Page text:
Recent events unfolding in Ukraine have given the first world a rude awakening about a very real possibility of armed conflict between nuclear powers.
Students around the world have protested Russian aggression and stood in solidarity with Ukraine. At Albion College, students and faculty held a vigil on March 16 for Ukrainians at the rock on the Quad.
Anders Forster, a first-year student who attended the vigil, has had his own experience with armed conflict as a soldier in the United States Army who served in Afghanistan.
“Whenever I see a conflict like this (Ukraine), the first thing I tend to think of are the soldiers because I’ve been in that position,” said Forster.
When conflicts like those seen in Ukraine break out, it is common for those not involved to initially think of the innocent civilians caught in the crossfire. Although that is crucial to note, the soldiers and their experiences can fall to the wayside.
Even for aggressor countries like Russia, it is estimated that up to 25% of the Russian military is composed of conscripts who have no say in what country President Putin decides to invade.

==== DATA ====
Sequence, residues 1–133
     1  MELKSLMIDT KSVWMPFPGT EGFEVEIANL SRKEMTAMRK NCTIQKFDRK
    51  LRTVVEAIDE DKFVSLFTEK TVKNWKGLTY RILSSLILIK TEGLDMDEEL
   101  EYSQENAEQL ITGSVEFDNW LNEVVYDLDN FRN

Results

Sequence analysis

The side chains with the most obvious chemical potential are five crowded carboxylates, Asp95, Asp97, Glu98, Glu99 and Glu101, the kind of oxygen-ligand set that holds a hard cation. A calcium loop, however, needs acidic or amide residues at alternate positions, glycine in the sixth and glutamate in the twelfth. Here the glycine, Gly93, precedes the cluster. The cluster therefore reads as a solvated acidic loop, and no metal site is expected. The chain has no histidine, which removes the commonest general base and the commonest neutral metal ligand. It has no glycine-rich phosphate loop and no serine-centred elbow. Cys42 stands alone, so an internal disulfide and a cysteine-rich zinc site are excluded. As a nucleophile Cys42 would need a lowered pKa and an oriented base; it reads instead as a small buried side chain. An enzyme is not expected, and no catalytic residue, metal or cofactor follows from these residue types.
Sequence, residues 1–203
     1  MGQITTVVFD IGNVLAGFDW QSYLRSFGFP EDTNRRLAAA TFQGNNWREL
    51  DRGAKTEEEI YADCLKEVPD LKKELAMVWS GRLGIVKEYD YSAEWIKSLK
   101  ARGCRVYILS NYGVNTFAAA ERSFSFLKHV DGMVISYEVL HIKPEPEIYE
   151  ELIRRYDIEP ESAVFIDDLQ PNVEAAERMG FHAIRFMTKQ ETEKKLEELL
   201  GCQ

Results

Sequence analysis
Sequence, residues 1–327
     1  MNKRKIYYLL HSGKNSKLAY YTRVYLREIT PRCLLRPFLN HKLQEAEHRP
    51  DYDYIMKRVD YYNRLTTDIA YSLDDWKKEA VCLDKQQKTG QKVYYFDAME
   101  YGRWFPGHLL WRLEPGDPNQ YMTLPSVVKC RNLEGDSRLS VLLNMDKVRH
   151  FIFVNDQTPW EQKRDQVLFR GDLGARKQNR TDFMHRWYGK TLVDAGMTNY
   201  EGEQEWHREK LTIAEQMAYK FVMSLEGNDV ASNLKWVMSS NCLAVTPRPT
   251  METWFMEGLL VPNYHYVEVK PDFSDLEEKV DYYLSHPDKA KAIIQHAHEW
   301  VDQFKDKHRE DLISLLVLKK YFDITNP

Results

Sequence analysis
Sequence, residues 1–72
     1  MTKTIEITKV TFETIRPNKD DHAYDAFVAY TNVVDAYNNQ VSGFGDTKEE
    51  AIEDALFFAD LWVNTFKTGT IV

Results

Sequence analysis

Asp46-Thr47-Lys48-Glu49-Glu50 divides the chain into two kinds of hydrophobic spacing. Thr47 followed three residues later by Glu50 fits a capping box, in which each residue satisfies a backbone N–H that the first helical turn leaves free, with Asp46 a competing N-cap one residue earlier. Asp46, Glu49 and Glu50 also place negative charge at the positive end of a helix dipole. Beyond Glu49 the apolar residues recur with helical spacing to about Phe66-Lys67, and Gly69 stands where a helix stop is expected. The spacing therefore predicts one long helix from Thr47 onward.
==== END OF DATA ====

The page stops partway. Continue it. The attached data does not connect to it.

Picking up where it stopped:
“A lot of people think soldiers are this nameless, faceless entity when they’re 18-year-olds and 20-year-olds like I was,” said Forster. “Some are just trying to pay for college, some are just trying to be away from their family.”
Coming out of the armed forces and reintegrating back into civilian life can pose challenges for former soldiers as well.
“You obviously have your ups and downs coming back stateside,” said Forster.
But, coupled with the pandemic and the economic turmoil that the world is facing, the prospect of conflict between the U.S. and Russia is cause for concern among students like Anders who know firsthand the consequences of warfare.